Marina Lombardo, LCSW
Within Every Challenge...

...Are the Seeds of Opportunity

Spring 2009

In This Issue...

Feature Article
What's New
Feedback from Readers

Marina Lombardo
Psychotherapy, Counseling & Personal Coaching
Lake Bennet Medical Center
1151 Blackwood Avenue, Suite 120
Ocoee, FL 34761
(407) 615-0848

Welcome Everyone!


Ask most people what it takes to achieve, and they’ll tell you: determination, effort…in other words, will. This is the country of rugged individualism, after all. If you want it, you just have to get out there and make it happen, right?


Well, yes and no. Will has its place, no doubt. But if you are serious about getting where you want to go, you need something more to take you through life’s unexpected twists and turns. Learning how to partner your will with this “something more” can make all the difference.


Feature Article

When Will Meets Willingness

The definition of will is desire combined with determination. Will propels you to take the first step in anything you undertake. Whether it’s a desire to play a sport, start a company, or redecorate your house, it is your will that pushes you to take action.


The only problem with this paradigm is that life has a mind of its own. The best laid plans rarely unfold the way you imagined, and using just your will to continue to push through can quickly become stressful.


So what’s wrong with will? Nothing, really. It’s just that, as much as will is powerful, it was never designed to take you all the way to the finish line alone. That’s where willingness comes in.

To get a feel for how will and willingness operate, try this experiment: Imagine something you need to accomplish, such as complete a work project, or tackle a list of errands.


Now, while imagining your goal, will yourself to get it done. Notice what happens—your breathing, your body.

Now shake it out, and imagine your goal again, this time trying on willingness. Again notice what happens in the breath and in the body.

If you’re like most people, there will be a discernible difference. Will feels like work; it takes effort. Willingness is the opposite; it feels like a letting go.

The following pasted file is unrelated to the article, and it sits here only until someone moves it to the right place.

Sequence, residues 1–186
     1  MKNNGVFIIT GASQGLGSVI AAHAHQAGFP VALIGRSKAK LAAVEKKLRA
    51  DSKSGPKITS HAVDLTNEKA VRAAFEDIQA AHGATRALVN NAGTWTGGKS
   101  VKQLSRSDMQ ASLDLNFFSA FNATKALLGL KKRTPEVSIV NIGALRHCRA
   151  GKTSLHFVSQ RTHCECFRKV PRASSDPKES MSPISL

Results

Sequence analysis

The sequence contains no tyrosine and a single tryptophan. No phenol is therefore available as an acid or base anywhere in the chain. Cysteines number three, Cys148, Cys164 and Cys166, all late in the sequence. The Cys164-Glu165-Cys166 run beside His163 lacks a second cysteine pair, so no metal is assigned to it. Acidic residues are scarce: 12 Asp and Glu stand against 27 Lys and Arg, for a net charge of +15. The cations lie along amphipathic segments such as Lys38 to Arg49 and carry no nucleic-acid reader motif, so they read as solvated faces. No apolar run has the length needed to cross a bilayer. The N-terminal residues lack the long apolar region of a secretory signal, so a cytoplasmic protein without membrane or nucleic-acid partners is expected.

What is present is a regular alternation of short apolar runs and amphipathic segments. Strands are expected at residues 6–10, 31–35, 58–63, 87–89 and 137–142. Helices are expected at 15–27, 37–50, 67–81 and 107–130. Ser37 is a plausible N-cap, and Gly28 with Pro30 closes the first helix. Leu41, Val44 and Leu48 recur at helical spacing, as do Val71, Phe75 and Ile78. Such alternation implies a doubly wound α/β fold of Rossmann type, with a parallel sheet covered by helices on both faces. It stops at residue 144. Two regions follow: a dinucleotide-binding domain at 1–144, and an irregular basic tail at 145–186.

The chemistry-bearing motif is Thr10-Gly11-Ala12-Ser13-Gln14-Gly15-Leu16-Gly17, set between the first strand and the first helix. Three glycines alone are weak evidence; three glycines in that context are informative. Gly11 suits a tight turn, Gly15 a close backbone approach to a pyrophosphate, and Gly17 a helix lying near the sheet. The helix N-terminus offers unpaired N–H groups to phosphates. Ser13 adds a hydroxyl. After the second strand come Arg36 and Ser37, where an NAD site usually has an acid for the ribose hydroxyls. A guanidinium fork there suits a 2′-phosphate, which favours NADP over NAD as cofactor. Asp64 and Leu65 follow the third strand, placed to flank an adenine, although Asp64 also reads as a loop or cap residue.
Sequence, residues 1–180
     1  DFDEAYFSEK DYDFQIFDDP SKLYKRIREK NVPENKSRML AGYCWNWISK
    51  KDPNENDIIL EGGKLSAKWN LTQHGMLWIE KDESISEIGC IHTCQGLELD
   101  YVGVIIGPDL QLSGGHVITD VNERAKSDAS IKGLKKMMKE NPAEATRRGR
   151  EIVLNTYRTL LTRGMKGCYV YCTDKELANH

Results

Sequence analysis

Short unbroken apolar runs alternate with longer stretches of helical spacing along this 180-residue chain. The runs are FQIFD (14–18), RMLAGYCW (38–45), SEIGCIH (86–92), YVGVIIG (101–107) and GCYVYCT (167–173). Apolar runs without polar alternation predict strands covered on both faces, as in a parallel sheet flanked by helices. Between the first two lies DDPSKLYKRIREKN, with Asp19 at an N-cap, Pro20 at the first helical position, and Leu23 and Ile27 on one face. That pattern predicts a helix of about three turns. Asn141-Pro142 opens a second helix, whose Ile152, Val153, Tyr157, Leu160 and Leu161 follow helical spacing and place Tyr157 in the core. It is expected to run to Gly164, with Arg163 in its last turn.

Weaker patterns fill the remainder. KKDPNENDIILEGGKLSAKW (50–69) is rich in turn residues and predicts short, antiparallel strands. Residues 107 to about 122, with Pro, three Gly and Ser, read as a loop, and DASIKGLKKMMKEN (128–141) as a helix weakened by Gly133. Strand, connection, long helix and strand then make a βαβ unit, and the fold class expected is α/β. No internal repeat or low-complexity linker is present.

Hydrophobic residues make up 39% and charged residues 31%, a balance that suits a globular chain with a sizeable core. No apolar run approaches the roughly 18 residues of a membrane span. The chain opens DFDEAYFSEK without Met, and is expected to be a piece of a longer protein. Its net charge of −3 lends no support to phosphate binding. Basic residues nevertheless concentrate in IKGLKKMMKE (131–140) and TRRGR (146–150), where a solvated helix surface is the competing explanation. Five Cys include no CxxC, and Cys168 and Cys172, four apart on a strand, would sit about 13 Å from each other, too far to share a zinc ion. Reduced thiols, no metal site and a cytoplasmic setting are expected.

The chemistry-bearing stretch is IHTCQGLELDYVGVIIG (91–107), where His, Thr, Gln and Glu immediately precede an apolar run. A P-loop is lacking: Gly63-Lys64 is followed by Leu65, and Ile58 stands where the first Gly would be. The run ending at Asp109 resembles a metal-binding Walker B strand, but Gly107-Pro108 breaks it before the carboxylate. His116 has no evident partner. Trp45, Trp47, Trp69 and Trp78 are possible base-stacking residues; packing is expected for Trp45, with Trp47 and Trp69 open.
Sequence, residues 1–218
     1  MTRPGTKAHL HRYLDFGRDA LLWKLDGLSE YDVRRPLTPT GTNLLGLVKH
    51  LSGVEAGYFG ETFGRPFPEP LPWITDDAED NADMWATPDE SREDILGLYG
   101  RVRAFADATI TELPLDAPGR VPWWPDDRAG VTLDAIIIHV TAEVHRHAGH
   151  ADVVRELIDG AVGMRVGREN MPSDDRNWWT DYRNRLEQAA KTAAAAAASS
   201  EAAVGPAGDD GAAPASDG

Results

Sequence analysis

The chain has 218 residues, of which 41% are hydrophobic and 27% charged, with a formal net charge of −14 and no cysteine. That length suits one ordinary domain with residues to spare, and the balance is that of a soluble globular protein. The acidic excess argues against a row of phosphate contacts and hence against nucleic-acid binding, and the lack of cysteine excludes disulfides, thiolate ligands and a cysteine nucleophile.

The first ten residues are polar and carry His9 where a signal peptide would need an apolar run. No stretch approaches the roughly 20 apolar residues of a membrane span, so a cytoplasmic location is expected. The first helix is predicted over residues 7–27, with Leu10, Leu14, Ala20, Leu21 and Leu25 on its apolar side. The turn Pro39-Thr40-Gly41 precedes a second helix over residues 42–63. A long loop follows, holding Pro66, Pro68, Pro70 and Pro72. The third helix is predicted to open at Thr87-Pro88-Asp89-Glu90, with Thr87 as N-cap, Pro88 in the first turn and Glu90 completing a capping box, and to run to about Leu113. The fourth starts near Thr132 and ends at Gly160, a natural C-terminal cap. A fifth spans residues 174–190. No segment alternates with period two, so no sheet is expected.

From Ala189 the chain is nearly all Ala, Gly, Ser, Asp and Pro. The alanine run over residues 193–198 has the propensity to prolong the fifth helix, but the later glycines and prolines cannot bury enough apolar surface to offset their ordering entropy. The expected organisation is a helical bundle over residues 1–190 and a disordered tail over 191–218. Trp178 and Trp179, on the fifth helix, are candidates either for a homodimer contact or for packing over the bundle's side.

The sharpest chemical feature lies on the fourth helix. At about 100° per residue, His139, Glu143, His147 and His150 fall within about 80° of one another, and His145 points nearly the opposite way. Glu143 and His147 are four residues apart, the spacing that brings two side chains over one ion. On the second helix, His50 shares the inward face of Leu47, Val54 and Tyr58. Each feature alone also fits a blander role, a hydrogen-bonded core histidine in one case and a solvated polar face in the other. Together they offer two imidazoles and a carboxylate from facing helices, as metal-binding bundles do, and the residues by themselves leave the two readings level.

This distinction is important because in order to accomplish anything in life, both will and willingness is necessary. Use your will to state your intentions, clarify your goals, and take the necessary steps. Then use your willingness to notice what comes into your experience, to make adjustments, and even change course if need be, and ultimately let go of the outcome.


Sound difficult? That’s the irony; even though willingness takes less effort, most people find it more difficult to do. That’s because it’s hard to let go of how you think things should go. But the price you pay—emotional stress, even physical ailments—is undeniably high.


Willingness is an art. It takes practice and trust—trust in your own resources and resilience, and trust that life has a wisdom all its own. Being willing to partner with this wisdom is what achieving true success is all about.


Until next time…
Be well!


What's New


My book, I am More Than My Infertility: 7 Proven Tools for Turning a Life Crisis into a Personal Breakthrough, is available on our website: or


These tools are universal and timeless, and can apply to any crisis or life challenge.


Conceive Magazine


Check out my current Emotionally Speaking column on newsstands now.


Check out my current Emotionally Speaking column, Friendly Advice, which talks about the power of friendships. It’s on newsstands now.


New Happenings in EMDR


EMDR (Eye Movement Desensitization and Reprocessing) is a powerful therapeutic technique that can heal trauma and maximize personal resources. Recently, Regina Morrow, LMHC, joined me in submitting a chapter for a new book now entitled, Eye Movement Desensitization and Reprocessing: EMDR Scripted Protocols. This book is scheduled to be published by Spring Publishing Co. I’ll keep you posted!



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